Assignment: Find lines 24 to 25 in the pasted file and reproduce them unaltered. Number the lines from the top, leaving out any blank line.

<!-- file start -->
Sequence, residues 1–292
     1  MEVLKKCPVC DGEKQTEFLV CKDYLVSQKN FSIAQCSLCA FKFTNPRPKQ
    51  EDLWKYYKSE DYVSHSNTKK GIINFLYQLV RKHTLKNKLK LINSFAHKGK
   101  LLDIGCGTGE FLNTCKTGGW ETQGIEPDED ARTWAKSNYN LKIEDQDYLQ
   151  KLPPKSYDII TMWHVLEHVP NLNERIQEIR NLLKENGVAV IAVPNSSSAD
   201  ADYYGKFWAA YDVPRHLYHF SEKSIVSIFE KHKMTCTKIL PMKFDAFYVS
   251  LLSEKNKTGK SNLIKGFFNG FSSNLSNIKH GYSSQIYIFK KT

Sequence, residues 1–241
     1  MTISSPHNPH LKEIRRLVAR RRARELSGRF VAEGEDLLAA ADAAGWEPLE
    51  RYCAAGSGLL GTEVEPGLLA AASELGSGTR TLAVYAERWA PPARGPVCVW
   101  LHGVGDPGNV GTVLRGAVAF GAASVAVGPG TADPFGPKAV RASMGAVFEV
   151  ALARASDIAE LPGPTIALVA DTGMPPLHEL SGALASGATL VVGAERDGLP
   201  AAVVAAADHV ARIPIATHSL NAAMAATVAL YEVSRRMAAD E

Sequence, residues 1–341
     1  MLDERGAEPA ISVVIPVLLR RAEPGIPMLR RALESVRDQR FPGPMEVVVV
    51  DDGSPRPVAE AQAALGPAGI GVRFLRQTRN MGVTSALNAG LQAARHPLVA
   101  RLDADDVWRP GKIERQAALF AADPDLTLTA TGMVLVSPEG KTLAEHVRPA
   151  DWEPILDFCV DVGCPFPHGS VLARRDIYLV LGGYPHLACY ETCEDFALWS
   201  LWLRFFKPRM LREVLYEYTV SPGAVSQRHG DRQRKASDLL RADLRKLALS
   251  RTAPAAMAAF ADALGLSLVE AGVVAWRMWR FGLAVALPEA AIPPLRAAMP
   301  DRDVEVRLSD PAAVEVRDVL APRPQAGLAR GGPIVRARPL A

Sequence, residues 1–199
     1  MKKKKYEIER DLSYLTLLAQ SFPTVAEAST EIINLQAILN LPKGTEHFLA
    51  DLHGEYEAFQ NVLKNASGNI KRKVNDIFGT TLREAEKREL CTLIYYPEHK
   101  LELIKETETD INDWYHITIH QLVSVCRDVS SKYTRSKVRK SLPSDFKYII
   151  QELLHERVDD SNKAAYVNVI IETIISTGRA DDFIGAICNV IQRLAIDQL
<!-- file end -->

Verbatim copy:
    51  DLHGEYEAFQ NVLKNASGNI KRKVNDIFGT TLREAEKREL CTLIYYPEHK
   101  LELIKETETD INDWYHITIH QLVSVCRDVS SKYTRSKVRK SLPSDFKYII